Keeping maternal mental health on the political agenda

Let's come together and make sure maternal mental health is a priority for the new government!

Jump to: How you can help influence

A new Labour government was elected on 4 July 2024.

It's crucial that we work together to make sure maternal mental health is prioritised.

Why is maternal mental health important?
  • Mental health problems are the most common complication of pregnancy and the postnatal period (affecting at least 1 in 5) and yet there is far less investment and attention compared to physical conditions like gestational diabetes (1 in 20) and pre-eclampsia (1-5 in 100).
  • Suicide is the leading cause of maternal death six weeks to a year after birth.
  • Untreated, maternal mental illness costs ~£8.1bn each year in the UK, or an average of £190m a year for an average-sized integrated care system.
  • Black and minority ethnic women, young mothers and those facing domestic abuse, poverty or multiple disadvantages continue to experience poorer outcomes.
Find out more about maternal mental health
The current landscape

Despite its prevalence and devastating human and economic consequences, mental health still does not receive anywhere near the same level of attention or investment as physical health during and after pregnancy.

In the last 10 years, thanks to national investment and commitment, there has been welcome progress in the availability of specialist perinatal mental health services for women with the most severe and complex issues. However, there is no routinely funded provision for women with more common maternal mental health problems (such as depression and anxiety), and families still face a postcode lottery trying to access care across statutory and voluntary sector services.

In addition, some women face additional barriers to accessing care. Trauma, stigma, discrimination and isolation can act as barriers, meaning women who are in most need of care are those who have the most difficulty accessing it.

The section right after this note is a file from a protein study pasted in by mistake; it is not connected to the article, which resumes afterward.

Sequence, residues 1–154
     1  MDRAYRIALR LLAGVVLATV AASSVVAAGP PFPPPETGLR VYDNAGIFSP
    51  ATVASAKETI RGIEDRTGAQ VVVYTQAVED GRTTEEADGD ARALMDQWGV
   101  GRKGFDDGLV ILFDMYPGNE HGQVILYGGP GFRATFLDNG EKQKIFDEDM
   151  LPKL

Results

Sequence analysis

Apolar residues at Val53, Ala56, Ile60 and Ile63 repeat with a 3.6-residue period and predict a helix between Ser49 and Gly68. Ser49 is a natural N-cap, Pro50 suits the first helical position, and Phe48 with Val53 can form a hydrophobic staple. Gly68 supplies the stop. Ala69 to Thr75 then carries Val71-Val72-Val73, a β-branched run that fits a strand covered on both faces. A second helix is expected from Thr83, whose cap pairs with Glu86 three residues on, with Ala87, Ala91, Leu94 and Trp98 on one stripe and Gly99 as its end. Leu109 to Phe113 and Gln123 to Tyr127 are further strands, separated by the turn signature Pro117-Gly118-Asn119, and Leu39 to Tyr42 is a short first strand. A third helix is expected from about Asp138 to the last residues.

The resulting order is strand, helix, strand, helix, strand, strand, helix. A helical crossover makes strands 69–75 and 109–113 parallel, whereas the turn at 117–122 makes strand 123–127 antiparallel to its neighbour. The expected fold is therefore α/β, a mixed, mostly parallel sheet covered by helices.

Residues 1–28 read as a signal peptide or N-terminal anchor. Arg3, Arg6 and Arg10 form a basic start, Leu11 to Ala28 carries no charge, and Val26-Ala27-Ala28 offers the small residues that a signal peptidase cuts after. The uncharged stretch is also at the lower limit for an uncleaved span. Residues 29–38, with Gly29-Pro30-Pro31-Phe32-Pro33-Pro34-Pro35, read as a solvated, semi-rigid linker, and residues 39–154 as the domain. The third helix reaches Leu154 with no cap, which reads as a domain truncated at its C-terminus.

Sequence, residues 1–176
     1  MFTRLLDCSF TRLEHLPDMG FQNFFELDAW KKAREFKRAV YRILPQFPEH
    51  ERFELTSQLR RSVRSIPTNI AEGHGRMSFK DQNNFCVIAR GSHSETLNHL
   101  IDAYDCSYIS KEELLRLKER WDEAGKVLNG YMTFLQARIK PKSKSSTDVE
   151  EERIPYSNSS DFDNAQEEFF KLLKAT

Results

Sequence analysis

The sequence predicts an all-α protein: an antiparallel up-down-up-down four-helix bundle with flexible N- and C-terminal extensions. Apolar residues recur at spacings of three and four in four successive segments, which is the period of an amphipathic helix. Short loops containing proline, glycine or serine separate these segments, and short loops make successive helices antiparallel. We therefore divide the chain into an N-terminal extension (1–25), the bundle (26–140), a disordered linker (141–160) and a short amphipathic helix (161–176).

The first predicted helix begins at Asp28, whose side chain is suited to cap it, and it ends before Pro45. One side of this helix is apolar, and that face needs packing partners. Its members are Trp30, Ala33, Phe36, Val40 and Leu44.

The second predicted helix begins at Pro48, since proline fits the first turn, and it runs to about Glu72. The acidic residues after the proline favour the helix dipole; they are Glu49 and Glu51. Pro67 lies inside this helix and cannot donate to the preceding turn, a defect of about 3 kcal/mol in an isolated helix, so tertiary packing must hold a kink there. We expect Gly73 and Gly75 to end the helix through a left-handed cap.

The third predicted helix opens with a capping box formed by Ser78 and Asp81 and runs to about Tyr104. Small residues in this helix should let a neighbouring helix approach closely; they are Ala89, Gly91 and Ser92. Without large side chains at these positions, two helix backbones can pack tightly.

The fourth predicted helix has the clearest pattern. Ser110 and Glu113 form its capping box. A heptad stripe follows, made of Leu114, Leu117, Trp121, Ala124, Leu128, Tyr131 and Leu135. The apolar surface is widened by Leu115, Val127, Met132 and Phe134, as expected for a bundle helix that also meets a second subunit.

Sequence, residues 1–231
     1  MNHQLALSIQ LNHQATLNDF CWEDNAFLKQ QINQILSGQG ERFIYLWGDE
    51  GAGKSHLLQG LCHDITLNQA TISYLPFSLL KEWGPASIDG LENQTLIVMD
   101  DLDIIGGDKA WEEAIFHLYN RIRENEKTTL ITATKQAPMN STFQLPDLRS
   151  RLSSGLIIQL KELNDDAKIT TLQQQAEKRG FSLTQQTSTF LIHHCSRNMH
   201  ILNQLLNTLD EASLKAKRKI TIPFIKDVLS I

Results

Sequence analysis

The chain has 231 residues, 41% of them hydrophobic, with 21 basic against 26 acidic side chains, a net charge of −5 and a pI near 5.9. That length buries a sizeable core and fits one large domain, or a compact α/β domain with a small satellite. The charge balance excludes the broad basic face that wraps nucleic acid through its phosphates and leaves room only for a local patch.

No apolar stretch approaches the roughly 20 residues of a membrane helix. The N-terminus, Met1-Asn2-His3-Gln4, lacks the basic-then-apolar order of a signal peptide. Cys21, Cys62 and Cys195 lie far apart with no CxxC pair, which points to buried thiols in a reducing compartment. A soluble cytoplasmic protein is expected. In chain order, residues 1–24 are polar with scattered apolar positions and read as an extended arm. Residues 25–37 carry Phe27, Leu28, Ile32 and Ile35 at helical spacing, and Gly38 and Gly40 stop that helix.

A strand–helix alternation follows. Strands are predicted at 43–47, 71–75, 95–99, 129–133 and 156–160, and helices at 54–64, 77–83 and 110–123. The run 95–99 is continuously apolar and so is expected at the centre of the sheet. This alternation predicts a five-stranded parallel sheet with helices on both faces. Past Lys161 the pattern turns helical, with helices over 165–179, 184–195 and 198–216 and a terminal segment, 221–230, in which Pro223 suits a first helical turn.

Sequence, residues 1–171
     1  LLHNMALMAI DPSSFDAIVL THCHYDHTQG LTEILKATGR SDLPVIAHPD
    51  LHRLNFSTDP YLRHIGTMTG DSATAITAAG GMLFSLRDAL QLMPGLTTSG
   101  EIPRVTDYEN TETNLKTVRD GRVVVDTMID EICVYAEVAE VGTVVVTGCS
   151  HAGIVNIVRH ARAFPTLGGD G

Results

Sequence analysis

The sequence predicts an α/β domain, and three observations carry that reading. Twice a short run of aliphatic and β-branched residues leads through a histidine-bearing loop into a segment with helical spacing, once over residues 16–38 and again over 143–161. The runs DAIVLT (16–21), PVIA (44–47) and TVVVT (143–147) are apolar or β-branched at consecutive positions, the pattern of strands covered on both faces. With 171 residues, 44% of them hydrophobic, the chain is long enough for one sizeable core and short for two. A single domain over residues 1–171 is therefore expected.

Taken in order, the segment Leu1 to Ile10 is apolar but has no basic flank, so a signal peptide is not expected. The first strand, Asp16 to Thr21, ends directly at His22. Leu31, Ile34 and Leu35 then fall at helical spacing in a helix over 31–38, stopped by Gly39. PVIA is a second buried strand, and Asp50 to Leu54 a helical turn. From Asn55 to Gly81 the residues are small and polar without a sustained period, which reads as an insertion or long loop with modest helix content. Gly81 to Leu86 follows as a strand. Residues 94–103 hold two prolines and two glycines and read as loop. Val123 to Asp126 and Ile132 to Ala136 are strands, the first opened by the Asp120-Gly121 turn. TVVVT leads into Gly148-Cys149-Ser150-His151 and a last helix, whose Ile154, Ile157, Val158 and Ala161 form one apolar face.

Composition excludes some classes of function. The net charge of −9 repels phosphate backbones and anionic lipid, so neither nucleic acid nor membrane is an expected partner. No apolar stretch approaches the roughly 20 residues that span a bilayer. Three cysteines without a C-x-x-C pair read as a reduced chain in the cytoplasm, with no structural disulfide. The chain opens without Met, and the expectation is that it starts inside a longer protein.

• Data suggests that postnatal depression and anxiety are 13% higher in Black and brown mothers than in white mothers.
  • 93% of health visitors have reported seeing an increase in the number of families affected by poverty.
  • 78% of health visitors are reporting an increase in maternal mental health problems
Learn more about the perinatal mental health landscape

But there is a real story of hope and potential here.

With the right support, women do recover. There is a vital opportunity for the new government to create positive change for current and future generations.

Given pregnancy and after birth is the time in someone’s life when they have the most contact with health services, it is the ideal opportunity to ensure mental health support is treated as an essential element of antenatal and postnatal care.

We want to make mental health check-ins as standard as taking blood pressure.

What do we want?

The Maternal Mental Health Alliance (MMHA) is calling for the new government to demonstrate their support for the mental health of new and expectant mothers by supporting the following ask:

New and expectant mothers’ mental health must be valued as much as their physical health, this means making sure mental health is sensitively discussed at every contact they have with a health professional.

Download briefing for more detail

How you can help

  1. Write to or email your MP using our template.

  2. Spread the word on social media tagging @MMHAlliance.

You could also ask to meet with your MP and invite a member of the MMHA team (we'd be very happy to support you).

For parliamentarians
  • Read our briefing.
  • Discuss our policy asks, detailed throughout this briefing, with your colleagues, raise them in relevant debates and publicise them on your social media, tagging @MMHAlliance.
  • Meet with the MMHA to further discuss the issues facing women and families. If your office contacts, we will schedule a time at your earliest convenience.